LG Goes Budget With New Android Mobiles

New entries in the L series (inventively named the L II), new 4G capable Optimus F5 and more make up LG’s rather budget-centric 2013 Australian range. The news isn’t so good if you were hanging out for the large screen Optimus Pro, however.

It would be a reasonable guess to say that LG is targeting the budget market with a whole host of phones announcing Australian availability and pricing today. First of all, there’s the L series phones, which are now the L II series. First off the rank there is the L3 II, which features a 3.2 inch display and 1,540mAh battery and will set you back $99 from Telstra today.

The L5 II, with a 4 inch display and 1700mAh battery will be $179 through Boost in July. Optus has the slightly more upmarket L7 II for $229 this month, but only in a single SIM model; a dual-SIM L7 II will go on general sale in July. Like many dual-SIM models, it’s 2G/3G rather than dual 3G, but LG representatives told me it should be capable of on-the-fly switching to and from 3G no matter which SIM slot is used, which would make the distinction rather moot.

But wait — LG isn’t done yet. It has also announced the Optimus F5, an Android 4.1.2 phone with Dual Core 1.2 GHz Qualcomm Snapdragon S4 and 4.3-inch qHD IPS display. It’s $299 outright, or with Virgin and Optus this month on a $35/month contract from Optus, or $29/month contract from Virgin. This is arguably a strategy that could pay off well for LG; having a whole host of available models has certainly allowed Samsung to scoop up large portions of Android market share, and LG is quite aggressive about its market position. It reckons it has taken a significant chunk of the pre-paid space since launching the L series late last year, and that having presence there as well as in the premium space with the Optimus G gives it good market presence.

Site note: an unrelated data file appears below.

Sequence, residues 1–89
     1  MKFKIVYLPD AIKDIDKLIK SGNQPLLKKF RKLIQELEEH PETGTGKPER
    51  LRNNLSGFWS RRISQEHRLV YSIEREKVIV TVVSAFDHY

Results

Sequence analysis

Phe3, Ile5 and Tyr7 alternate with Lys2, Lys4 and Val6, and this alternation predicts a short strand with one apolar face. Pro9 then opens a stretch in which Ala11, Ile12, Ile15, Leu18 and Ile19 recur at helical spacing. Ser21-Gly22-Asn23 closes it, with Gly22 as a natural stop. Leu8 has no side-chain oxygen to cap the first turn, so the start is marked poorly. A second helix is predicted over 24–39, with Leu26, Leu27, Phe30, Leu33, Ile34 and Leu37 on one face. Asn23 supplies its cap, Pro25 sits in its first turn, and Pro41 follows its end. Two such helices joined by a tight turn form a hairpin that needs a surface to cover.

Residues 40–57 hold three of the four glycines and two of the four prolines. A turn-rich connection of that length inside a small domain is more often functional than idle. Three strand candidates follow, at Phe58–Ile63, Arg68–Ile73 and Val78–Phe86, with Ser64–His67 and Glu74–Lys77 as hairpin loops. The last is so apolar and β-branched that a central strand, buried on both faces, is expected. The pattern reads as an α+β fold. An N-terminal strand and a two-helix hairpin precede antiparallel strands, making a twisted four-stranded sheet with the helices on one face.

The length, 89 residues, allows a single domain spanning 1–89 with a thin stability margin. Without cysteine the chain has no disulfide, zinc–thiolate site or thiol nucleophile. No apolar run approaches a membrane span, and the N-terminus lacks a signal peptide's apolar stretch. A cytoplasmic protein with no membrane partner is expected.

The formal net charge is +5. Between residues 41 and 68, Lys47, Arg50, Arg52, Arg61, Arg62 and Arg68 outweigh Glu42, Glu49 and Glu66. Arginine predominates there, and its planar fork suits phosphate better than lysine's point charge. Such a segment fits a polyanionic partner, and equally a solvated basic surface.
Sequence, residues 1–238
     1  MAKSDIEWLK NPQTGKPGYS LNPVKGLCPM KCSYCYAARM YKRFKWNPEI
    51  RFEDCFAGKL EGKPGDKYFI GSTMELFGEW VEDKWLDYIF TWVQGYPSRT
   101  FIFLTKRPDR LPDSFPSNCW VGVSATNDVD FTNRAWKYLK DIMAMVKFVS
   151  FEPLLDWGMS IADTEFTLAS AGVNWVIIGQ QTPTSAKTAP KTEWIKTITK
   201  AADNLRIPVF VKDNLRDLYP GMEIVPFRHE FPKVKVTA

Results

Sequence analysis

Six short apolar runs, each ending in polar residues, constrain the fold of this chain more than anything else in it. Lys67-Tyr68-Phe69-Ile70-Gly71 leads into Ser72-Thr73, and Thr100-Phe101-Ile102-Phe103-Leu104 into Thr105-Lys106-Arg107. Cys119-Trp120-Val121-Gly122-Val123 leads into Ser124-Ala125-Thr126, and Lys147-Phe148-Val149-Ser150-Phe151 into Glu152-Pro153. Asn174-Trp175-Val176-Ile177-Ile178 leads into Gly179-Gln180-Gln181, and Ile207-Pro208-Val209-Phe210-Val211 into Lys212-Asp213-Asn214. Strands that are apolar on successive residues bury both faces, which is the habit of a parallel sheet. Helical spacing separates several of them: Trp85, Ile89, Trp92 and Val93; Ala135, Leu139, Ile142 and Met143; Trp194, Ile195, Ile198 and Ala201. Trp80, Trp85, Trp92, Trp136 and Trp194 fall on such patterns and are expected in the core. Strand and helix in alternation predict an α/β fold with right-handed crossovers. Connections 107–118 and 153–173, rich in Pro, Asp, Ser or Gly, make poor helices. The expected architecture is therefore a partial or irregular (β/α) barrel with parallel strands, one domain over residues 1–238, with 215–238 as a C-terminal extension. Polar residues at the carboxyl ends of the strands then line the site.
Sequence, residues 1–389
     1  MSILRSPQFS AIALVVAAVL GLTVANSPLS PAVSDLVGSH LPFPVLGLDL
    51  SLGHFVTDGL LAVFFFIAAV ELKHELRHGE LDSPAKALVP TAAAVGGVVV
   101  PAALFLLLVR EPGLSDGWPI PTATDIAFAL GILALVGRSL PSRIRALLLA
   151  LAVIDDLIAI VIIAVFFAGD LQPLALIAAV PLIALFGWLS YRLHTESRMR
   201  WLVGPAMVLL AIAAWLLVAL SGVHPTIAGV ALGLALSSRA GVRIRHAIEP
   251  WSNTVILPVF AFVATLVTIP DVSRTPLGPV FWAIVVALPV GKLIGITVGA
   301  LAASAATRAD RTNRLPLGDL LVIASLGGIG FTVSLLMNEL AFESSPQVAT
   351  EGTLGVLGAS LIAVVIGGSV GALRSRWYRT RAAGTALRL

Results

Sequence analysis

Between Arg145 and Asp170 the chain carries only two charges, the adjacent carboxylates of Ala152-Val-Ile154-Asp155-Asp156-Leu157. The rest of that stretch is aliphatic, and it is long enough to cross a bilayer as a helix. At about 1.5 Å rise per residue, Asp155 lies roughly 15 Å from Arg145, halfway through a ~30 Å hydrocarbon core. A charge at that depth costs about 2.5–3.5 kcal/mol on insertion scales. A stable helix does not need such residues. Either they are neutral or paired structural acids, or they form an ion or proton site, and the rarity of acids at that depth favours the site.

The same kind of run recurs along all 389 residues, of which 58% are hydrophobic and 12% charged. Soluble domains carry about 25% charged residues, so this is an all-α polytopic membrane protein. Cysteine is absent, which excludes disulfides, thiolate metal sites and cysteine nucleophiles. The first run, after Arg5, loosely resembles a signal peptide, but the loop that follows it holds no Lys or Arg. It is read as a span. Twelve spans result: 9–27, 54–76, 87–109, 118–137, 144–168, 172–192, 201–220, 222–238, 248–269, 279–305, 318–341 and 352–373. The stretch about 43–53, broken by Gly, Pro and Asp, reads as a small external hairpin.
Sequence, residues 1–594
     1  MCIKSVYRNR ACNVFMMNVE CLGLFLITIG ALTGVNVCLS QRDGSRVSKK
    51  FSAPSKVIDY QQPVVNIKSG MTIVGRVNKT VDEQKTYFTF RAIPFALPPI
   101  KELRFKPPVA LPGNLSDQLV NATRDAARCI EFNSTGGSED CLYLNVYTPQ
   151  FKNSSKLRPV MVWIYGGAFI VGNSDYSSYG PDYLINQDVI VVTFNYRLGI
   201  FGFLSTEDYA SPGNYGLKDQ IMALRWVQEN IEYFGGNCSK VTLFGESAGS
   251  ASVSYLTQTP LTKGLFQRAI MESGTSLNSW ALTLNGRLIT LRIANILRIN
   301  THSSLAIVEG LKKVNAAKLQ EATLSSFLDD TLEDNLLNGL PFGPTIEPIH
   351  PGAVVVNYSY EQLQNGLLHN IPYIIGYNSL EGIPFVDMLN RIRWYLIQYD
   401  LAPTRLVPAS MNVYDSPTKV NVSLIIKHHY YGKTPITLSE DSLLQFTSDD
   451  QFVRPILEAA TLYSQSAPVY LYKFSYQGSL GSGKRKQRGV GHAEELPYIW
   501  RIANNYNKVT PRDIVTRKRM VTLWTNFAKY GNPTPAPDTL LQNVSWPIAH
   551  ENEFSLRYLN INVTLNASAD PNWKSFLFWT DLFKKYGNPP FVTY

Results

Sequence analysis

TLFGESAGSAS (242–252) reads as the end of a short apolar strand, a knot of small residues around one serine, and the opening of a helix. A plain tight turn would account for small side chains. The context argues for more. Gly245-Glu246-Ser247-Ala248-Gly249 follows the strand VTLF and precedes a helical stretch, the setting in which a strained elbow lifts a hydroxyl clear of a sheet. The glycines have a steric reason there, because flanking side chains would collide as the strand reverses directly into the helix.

I’ve had a brief bit of hands-on time with the new L series and F5 phones and, at least at first glance they’re fair for the money, without being massively premium offerings. The L3’s tiny screen makes it pocketable, but it is grainy. As you move up the price tiers things get noticeably better.

One LG phone you won’t find in Australia — officially at least — is the larger screened LG Optimus G Pro. LG representatives told Lifehacker that there were no plans at all to bring the G Pro to Australian shores. LG’s decision around this was apparently based on their estimation of its commercial success, stating that the larger screened/phablet market was a “niche”, and whether or not they could get operators to offer it. Given that it won’t be officially launched here, it’s not too hard to guess how those discussions went.

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